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The 9 Best Winter Beers Available Now

If you love all things dark and toasty-malty, this is truly the most wonderful time of the year

Winter is basically stout season for beer drinkers. (Photo: skynesher/iStock)
Winter is basically stout season for beer drinkers.

If you, like me, love all things dark and toasty-malty, you have finally arrived at what is truly the most wonderful time of the year. There’s no shortage of dark ales, imperial stouts, and porters available, and just tasting all the options for this roundup put me in a world of delicious hurt. These are the best ones I found. 

Berry Noir

beers
(Photo: Courtesy Boulevard Brewing Co.)

Boulevard Brewing Co. 

You can’t just drink stouts all winter. Well, you can, but they’re called stouts for a reason. When you need something a little lighter—just 4.2 percent ABV—this is your beer. The sour ale is complemented by tart blackberries and blueberries. The finished product is the color of liquid garnets and makes you feel fancy as you drink it (and also scared that you’re going to spill it on the sofa).  

Starless

beers
(Photo: Courtesy Wiseacre Brewing)

Wiseacre Brewing

This black lager manages to be dark but not bitter, thanks to a German technique called mash capping. Essentially, the brewers spread a layer of roasted crushed grain over the mash. You get all that roasty, toasty flavor but in a super-drinkable final product. At 5.3 percent, it’s not totally innocuous, but it also won’t knock you flat on your back the way some of the other choices on this list will. 

Fire and Eisbock

beers
(Photo: Courtesy Mammoth Brewing Company)

Mammoth Brewing Company

With this beer, Mammoth Brewing Company wanted to pay homage to its home turf—the Sierra Nevada—which experiences fire in the summer and ice all winter long. The brewing process starts with an extended boil to help concentrate flavors. Then the brewers freeze the beer, à la a traditional eisbock. Removing 2 percent of the frozen water (since alcohol freezes at a lower temperature) results in an even more potent final product. It’s surprisingly smooth, which makes it dangerous at 10 percent ABV. Plan to share the 22-ounce bomber with a friend—or two. Also, grab an extra bottle to cellar for next year; this is one of those beers that gets better with age. 

Festive Ale

beers
(Photo: Courtesy SweetWater Brewing Company)

SweetWater Brewing Company

Spiked with just enough spice to feel festive, this toasty brown ale (8 percent ABV) doesn’t feel like licking one of those super-stinky holiday candles. I love the Munich, chocolate, and black malts mixed with just the warmest hint of cinnamon and nutmeg. It’s subtle and perfect for pairing with your Christmas roast beast.  

Holiday Wassail

beers
(Photo: Courtesy Great Basin Brewing Co.)

Great Basin Brewing Co. 

Brewed with Fuji apples and just a touch of ginger, the nose on this beer (6.5 percent ABV) reminded me of standing in the kitchen as my mother baked our Christmas apple pie. That’s just the aroma, though. The beer itself really isn’t sweet. The apples are balanced out by the malt, and the spices show up only in the finish. It’s an easy beer to love but a hard one to get. The brewery only makes 600 bottles—so don’t wait and hope you’ll have a second chance to pick one up.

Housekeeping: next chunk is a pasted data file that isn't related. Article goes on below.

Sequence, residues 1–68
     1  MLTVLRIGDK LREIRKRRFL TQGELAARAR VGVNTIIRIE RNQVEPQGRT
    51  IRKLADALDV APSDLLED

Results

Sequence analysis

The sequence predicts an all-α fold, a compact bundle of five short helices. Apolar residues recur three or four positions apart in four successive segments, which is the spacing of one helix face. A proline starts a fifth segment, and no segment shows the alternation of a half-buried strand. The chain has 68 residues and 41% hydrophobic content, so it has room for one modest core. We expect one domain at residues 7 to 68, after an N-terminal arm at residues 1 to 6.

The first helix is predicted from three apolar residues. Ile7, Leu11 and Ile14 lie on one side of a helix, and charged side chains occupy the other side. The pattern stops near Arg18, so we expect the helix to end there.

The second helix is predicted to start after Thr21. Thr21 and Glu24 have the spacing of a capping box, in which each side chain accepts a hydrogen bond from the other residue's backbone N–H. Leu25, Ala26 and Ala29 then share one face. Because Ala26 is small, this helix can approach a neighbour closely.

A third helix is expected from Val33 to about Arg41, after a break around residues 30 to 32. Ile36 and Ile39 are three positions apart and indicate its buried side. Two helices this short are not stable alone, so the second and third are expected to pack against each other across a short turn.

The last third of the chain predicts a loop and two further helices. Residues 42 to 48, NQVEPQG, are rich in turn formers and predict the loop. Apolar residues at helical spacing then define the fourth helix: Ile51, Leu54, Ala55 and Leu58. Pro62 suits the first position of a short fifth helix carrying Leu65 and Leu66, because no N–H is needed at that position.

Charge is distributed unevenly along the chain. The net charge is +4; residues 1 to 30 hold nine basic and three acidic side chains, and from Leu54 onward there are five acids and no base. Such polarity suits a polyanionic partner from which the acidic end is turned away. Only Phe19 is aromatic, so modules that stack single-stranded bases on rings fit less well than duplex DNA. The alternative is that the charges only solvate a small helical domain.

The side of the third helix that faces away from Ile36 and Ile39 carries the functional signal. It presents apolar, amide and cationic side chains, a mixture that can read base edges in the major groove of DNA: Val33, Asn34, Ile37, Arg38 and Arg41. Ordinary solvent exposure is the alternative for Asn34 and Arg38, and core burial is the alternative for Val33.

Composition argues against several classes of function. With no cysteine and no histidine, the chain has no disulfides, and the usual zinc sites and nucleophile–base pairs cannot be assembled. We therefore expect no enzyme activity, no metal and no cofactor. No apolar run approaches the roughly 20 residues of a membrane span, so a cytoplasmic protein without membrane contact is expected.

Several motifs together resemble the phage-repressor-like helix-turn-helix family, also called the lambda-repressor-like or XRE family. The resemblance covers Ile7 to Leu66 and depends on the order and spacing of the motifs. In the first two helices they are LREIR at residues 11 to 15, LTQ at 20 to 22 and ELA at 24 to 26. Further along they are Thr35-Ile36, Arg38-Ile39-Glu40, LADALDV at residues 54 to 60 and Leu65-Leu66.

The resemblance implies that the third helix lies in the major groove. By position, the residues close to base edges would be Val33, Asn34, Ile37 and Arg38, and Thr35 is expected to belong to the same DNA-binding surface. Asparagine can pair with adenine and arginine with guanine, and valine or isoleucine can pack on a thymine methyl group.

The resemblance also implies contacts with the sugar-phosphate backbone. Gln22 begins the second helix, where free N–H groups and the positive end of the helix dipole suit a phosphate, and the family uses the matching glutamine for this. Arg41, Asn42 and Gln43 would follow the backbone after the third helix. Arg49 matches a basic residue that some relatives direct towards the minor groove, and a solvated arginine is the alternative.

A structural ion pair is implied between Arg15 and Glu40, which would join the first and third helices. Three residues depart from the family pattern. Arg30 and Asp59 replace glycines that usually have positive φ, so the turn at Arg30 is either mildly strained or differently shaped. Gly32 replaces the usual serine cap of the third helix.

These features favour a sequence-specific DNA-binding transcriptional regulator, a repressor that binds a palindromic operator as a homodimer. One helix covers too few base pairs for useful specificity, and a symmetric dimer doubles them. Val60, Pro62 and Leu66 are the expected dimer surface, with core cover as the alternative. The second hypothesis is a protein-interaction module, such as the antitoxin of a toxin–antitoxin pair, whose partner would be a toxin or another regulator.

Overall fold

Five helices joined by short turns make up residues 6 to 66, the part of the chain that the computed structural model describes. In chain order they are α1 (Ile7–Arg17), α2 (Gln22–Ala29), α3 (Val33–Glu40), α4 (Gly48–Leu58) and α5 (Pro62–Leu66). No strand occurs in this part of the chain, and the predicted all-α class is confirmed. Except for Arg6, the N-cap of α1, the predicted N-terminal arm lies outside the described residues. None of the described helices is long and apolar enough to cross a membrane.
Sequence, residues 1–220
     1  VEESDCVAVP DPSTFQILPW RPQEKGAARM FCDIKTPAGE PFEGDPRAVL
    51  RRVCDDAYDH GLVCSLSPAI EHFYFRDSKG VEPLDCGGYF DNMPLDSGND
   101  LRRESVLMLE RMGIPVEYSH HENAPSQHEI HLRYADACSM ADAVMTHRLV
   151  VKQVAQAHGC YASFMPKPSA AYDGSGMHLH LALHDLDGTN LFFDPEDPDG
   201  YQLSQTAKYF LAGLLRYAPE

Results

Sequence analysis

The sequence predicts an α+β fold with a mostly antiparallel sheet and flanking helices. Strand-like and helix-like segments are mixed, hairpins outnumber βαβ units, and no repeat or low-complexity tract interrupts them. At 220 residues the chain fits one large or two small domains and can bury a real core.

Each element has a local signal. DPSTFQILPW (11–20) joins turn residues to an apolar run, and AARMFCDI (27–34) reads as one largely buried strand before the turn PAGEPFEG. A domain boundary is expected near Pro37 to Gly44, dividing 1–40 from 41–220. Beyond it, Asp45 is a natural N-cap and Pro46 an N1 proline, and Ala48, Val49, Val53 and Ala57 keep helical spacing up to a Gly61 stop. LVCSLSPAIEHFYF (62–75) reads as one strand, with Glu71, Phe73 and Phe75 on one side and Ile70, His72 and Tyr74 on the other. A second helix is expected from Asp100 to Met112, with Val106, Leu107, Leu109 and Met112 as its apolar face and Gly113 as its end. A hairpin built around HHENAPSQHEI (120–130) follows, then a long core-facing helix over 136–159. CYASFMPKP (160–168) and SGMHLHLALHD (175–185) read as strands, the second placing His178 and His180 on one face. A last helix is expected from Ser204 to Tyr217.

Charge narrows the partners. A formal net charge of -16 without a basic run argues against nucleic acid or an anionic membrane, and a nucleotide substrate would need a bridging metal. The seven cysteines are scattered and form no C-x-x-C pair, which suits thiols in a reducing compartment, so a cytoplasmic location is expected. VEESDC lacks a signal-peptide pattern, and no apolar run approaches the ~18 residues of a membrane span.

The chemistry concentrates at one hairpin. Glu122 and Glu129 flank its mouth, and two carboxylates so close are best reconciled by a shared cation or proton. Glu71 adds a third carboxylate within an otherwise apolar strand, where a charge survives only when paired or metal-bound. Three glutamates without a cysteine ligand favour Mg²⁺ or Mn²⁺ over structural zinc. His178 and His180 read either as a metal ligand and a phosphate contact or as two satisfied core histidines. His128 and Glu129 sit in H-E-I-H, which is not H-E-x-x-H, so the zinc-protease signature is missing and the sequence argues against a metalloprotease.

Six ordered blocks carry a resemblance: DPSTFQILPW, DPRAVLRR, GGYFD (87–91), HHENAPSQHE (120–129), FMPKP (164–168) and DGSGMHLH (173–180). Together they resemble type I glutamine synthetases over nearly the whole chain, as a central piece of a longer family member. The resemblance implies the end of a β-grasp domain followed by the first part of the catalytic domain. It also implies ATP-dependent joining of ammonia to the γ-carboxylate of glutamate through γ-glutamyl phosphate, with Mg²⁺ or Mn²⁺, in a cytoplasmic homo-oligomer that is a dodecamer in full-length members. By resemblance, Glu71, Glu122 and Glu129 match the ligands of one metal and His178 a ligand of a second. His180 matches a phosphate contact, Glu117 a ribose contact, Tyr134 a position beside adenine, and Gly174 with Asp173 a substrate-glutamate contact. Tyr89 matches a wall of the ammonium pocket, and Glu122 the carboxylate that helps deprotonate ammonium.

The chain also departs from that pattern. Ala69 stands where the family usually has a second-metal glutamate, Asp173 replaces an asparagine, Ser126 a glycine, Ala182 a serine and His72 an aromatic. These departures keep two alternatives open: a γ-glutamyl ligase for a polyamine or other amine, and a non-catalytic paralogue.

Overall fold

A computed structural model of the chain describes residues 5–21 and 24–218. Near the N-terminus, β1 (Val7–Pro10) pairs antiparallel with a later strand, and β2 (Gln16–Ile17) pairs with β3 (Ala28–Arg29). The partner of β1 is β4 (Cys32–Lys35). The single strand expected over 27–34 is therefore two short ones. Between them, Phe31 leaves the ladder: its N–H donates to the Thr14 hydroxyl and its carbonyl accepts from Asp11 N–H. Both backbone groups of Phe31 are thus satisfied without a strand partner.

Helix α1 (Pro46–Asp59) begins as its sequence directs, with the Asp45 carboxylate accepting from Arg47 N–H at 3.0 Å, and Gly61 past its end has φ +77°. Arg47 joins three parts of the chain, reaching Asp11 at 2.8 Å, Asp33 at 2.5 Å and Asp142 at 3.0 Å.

Rise and Pine

beers
(Photo: Courtesy Uinta Brewing)

Uinta Brewing

IPA lovers, here’s your new favorite winter seasonal. No, it’s not an IPA, but it has all those great piney notes, thanks to handfuls of Chinook and Simcoe hops and the addition of juniper. The dark ale (7.5 percent ABV) is made from Carafa, chocolate, Munich, and Caramunich malts, which provide a perfect, rich base that lets the hops and juniper really shine. 

Magic Formula for Peace

beers
(Photo: Courtesy Surly Brewing Co.)

Surly Brewing Co.

I’m not totally convinced beer is going to bring us peace on earth, but this oatmeal imperial stout (9.1 percent ABV), made with coffee and oranges, will at least make us happier. If you’re a purist, this will likely be too espresso heavy for your tastes—you get a strong hit of java right up front. But for those of us who believe coffee is sweet nectar from the gods, it’s great. The orange is subtler. Sip carefully and you’ll get it.

Session Stout

beers
(Photo: Courtesy Schlafly Brewing Co.)

Schlafly Brewing

I would drink stouts every day in the winter if I could. However, since I need some level of sobriety to, you know, function, I’m stoked to see a company making a lower-alcohol version. Schlafly’s Session Stout has just 4.5 percent ABV and all the chocolaty, malty, velvety richness you want in a winter beer. It’s brewed with lactose, so it has a slight sour kick at the finish. While that threw me off on the first sip, it seemed positively normal a third of the way into my glass. 

Absence of Light Peanut Butter Chocolate Milk Stout

beers
(Photo: Courtesy 4 Hands Brewing Co.)

4 Hands Brewing Co. 

This beer is going to be a love-it-or-hate-it thing. I loved it. The peanut butter and chocolate are front and center: these are not subtle notes. If dessert-like stouts are your deal, you’ll rock through the pint. But with a 7.1 percent ABV, just don’t do it on a Friday afternoon while you’re returning e-mail, like I did.

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Correction: An earlier version of this story misidentified Wiseacre Brewing's Starless beer as a black ale. The story has been updated to reflect it is actually a black lager. Outside regrets the error.

Filed To: HolidayChristmasFood and DrinkWine, Beer, and Spirits
Lead Photo: skynesher/iStock
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